Ikea had plans to expand its German headquarters in Hofheim-Wallau in the Rhineland, while completely new stores were planned for Rastatt and Kirchheim and the store in Bielefeld-Brackwede was to be extended.
But regional planning regulations have prevented all these ideas being made reality, and now Ikea is challenging the rules in Brussels, the Frankfurter Allgemeine Zeitung reported on Sunday.
Ikea spokeswoman Sabine Nold confirmed the firm had asked the European Commission to check whether the ‘Protection of the Inner Towns' rules clash with EU law guaranteeing freedom of business.
Nold said that ultimate planning authority lies with town councils, but that regional planning concepts tend to overrule them.
The FAZ reported rumours that the Commission is currently checking whether to start a case against the federal German government for breaking EU rules.
The German position paper should be finalised in the next few weeks, and then sent to Brussels, the paper reported – saying that planners will argue that they have laid out provisions to ensure consumers can get to stores, while securing town centres.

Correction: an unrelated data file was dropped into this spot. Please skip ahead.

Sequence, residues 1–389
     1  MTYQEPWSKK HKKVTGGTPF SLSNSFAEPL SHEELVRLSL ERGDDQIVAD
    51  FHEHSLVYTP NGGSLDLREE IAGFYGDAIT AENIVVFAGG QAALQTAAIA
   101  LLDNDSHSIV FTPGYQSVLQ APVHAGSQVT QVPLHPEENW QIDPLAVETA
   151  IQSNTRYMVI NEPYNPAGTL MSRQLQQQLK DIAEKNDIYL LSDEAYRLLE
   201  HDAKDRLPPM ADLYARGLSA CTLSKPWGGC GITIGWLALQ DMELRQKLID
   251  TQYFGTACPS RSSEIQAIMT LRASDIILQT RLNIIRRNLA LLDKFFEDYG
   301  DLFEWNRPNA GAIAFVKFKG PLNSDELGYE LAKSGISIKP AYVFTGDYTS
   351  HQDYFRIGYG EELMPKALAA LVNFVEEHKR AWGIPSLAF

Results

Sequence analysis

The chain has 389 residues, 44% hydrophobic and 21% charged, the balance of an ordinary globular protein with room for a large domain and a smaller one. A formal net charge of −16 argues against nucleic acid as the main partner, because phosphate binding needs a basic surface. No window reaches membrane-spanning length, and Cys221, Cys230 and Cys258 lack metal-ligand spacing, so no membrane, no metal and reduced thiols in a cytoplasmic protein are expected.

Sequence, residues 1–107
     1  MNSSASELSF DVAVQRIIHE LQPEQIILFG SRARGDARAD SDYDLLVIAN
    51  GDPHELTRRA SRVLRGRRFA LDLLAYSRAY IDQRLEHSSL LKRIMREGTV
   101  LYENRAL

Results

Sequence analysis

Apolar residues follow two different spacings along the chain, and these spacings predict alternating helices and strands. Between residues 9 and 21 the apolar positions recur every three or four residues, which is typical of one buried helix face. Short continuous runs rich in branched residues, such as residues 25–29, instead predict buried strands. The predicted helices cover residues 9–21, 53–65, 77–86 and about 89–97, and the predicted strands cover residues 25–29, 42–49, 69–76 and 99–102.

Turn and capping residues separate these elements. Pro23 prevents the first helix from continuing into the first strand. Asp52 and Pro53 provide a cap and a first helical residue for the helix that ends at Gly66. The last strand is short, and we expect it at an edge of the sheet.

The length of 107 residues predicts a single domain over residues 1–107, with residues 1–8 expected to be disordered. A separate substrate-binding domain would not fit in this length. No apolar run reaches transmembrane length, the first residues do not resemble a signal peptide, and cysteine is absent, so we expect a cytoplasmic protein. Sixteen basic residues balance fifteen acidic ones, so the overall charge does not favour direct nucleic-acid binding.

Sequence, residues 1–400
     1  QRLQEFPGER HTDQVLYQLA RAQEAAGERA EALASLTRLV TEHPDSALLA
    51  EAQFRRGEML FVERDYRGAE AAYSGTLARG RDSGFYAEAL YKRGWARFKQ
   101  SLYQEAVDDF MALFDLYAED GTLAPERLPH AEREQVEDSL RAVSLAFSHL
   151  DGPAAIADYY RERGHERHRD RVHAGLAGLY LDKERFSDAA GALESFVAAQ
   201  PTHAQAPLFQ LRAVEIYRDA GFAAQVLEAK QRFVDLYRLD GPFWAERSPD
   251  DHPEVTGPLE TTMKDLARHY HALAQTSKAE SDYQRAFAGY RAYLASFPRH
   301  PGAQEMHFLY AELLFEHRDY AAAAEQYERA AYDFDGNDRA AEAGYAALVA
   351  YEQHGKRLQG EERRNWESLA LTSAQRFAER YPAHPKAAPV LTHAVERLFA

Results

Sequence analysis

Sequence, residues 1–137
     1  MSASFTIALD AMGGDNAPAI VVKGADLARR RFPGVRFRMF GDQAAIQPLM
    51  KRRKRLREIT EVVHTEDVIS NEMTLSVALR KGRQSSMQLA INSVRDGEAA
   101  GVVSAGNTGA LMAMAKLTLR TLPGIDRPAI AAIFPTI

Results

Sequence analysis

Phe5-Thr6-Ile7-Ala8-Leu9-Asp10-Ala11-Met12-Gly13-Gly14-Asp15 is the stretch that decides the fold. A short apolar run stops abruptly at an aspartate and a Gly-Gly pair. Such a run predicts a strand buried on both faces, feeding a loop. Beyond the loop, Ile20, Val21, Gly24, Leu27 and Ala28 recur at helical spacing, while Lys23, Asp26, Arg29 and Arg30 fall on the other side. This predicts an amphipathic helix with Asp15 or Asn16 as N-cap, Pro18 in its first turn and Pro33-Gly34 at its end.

The FAZ has seen a draft of the German statement, which also says that because the large markets are engines for regional economic growth, planners have to have a hand in where they are located. Towns without a functioning economy are as unthinkable as trading areas without a town which has regulated development.
It says that the rules are designed with town and space planning considerations in mind, not in order to affect competition.
Yet a planner from the Rhine-Main area recently said, “We just want to make sure that furniture stores sell furniture again – and not everything from candles to Christmas biscuits,” the FAZ reported.